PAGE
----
As expected, the AGB C stock of degraded forests was almost 40% less than the average value of undisturbed Peruvian Amazonian forests from the literature (Table 2). The C stock in AGB (71.3 ± 4.2 Mg C ha−1; Table 2) was comparable to results found in a logged forest in the Brazilian state of Para (80 Mg C ha−1) (Ferreira and others 2018), in old secondary forests in Mexico (89 Mg C ha−1) (Orihuela-Belmonte and others 2013) or in logged forests in Borneo (83.2 ± 6.8 Mg C ha−1) (Berry and others 2010). It was much lower, though, than the 121.5 Mg C ha−1 stock reported by Barbarán García (2000) in logged forests of Ucayali. The AGB was the pool contributing the most (50%) to ecosystem C stock; followed by the soil and necromass (dead wood plus litter). In their review, Palace and others (2012) found a high variation in necromass among tropical forests and a global tendency for the necromass to biomass relationship to follow a concave quadratic function linked to the degradation level. With low AGB and high necromass stock (Table 2), the sites classify as highly disturbed along the tendency described by Palace and others (2012). Lastly, the soil top 30-cm C stock was much higher than that measured by Meza Doza (2016) in Ucayali forest concessions (16.21 ± 1.6 Mg C ha−1) located at Litosol-Regosol and Nitosol-Luvisol soils (Gobierno Regional de Ucayali 2016c), but similar to results by Frazão and others (2013) in Brazilian native forests (Table 2).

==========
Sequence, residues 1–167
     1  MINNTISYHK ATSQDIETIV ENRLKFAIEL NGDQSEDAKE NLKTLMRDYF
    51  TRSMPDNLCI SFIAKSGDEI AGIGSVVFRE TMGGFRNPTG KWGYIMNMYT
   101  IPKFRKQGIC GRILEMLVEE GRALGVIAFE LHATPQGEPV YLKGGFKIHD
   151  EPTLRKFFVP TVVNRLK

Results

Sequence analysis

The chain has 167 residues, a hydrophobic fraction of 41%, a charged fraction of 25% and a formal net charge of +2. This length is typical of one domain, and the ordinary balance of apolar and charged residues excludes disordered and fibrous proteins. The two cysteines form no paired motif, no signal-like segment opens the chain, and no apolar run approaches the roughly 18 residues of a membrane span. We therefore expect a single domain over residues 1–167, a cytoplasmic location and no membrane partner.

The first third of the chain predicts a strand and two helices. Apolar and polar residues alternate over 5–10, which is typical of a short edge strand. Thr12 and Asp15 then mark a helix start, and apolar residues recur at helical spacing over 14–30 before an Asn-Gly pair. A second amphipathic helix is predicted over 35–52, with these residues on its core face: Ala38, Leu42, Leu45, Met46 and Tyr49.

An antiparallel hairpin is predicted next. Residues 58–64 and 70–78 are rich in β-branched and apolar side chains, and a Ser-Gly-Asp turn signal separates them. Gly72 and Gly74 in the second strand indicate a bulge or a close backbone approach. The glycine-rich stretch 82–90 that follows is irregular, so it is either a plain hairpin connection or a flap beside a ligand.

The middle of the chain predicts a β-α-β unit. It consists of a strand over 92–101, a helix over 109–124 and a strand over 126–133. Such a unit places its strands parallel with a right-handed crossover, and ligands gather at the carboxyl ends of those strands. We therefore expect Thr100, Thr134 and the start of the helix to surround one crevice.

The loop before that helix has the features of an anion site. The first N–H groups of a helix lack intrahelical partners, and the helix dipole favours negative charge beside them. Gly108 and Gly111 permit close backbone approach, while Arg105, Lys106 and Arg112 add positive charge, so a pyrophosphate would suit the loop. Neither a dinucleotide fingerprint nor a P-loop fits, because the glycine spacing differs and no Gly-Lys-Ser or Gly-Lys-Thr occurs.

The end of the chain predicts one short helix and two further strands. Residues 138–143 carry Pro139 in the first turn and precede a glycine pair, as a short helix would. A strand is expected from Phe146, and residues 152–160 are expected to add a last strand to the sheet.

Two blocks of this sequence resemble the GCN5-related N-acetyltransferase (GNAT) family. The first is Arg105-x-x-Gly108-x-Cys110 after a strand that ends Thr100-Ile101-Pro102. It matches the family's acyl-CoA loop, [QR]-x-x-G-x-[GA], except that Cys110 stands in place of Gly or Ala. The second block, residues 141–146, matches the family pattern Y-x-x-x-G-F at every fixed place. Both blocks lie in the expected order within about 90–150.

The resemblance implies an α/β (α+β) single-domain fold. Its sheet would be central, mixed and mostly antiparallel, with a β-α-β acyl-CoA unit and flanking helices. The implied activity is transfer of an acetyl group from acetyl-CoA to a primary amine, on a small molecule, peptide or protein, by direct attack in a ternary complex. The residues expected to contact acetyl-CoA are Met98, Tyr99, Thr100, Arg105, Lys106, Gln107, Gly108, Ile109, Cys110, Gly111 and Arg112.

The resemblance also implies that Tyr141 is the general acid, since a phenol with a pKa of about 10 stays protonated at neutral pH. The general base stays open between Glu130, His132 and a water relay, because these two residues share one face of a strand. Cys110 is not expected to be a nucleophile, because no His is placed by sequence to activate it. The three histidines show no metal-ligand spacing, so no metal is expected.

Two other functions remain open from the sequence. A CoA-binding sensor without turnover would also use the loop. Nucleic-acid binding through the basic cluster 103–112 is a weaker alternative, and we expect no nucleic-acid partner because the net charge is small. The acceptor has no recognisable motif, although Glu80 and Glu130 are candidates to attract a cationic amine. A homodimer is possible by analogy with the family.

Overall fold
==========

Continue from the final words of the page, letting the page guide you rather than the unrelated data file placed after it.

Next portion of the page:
C Stocks in Oil Palm Plantation